The other is the tendency to concentrate on the domestic issues that helped to shape Coleridge's mature political philosophy (such as parliamentary reform, Catholic emancipation, and commercial expansion) to the exclusion of the international concerns (Mediterranean politics, the Spanish cause, and of course French expansion) that directed his thinking in the crucial years before he became the 'sage of Highgate'. Studies of the mature political thought likewise tend to prefer focused, issue-orientated texts such as the Lay Sermons, the 1818 Friend, and On the Constitution of Church and State to the less well-organized though more wide-ranging journalism and notebooks and the 1809-10 Friend. Books by John Colmer, John T. Miller, and Deirdre Coleman overcome to some extent common assumptions about the parochialism of Coleridge's political thought, though in the end each stays close to home, emphasizing in turn British 'political wisdom' (Colmer), the 'country tradition' (Miller), and the Quakers (Coleman). (12) Somehow francophobia seems incidental.

As criticism today wakes up to history, that view is increasingly difficult to maintain. I want to argue that the genesis of an anti-French prejudice was a crucial moment in Coleridge's reaction to his own Jacobin youth, and that at the same time the prejudice proved to become an indispensable condition for much of his political thought. Focusing on this shady aspect of Coleridge's politics benefits from, and contributes to, an understanding of early-nineteenth-century British attitudes to otherness. This work is already well under way in eighteenth-century and nineteenth-century studies, stimulated by a kind of Derridean fascination with the anxieties that accompany representation and by a sceptical attitude toward the appropriation and control of ethical and epistemological encounters. From what Wlad Godzich has called the 'heterological countertradition', (13) criticism has lately acquired a heightened sensitivity to otherness and to the variety of ways it is routinely denied. All of this helps to bring negative, unproductive, perhaps puzzling, attitudes and phenomena, such as francophobia and its attendant propaganda, within the scope of critical inquiry. The result in the case of early-nineteenth-century British cultural history is a clearer picture of how the French were regularly dehumanized, deprived of language or status, linked with sexual or animal perversion, even denied redemption. (14)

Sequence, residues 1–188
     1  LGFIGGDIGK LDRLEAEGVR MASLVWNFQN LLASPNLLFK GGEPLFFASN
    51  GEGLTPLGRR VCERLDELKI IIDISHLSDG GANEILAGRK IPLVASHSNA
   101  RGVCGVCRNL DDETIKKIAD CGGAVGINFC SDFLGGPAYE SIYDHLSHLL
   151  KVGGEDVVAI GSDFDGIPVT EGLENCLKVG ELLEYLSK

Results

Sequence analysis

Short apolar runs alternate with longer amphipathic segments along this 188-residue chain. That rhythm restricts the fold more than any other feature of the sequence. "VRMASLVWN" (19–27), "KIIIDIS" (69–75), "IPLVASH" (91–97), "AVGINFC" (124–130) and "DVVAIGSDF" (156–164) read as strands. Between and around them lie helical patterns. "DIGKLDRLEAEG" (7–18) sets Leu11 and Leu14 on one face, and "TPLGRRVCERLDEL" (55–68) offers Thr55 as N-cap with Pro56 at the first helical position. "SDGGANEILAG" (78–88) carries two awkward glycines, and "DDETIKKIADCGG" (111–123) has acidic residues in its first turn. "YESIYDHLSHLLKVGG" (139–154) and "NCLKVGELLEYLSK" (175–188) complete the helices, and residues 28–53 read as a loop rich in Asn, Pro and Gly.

Scholarly opinion, though, is still divided about what francophobia meant in political terms. According to Stella Cottrell, for example, British xenophobia was a deep-seated fear of French hegemony on the part of the governing elite, who spread alarmist propaganda in order to manage an unpredictable, potentially revolutionary, working class. This is in some sense a revived 'Whig' interpretation, according to which the forces for reform (mostly French sympathizers) were duped into an allegiance to paternalism under the guise of national self-interest. The strategy worked and constitutional reform was consequently delayed for decades. (15) Linda Colley offers another version: misrepresenting the French helped to rally popular opinion around the newly emergent notion of British (as opposed to English) identity (a 'highly rational [...] and a creative' response to the pressures of war), though misunderstanding the enemy would eventually have dangerous consequences. (16) Colley and others are sceptical about strictly identifying class membership with a specific political allegiance and ask whether the ruling elite, in trying to stir francophobic opinion in the lower classes, was not really preaching to the converted. They point to pro-monarchical, anti-French petitions and marches, as well as to the moderate success of the volunteer movement in 1803-05, as evidence that popular support for the status quo was far broader than has been supposed. (17) As for pro-French sympathy, it was scattered among the Foxite Whigs and a high-profile but disorganized band of radicals, neither of whom ever came very close to holding political power; antagonism to the French, on the other hand, was endemic.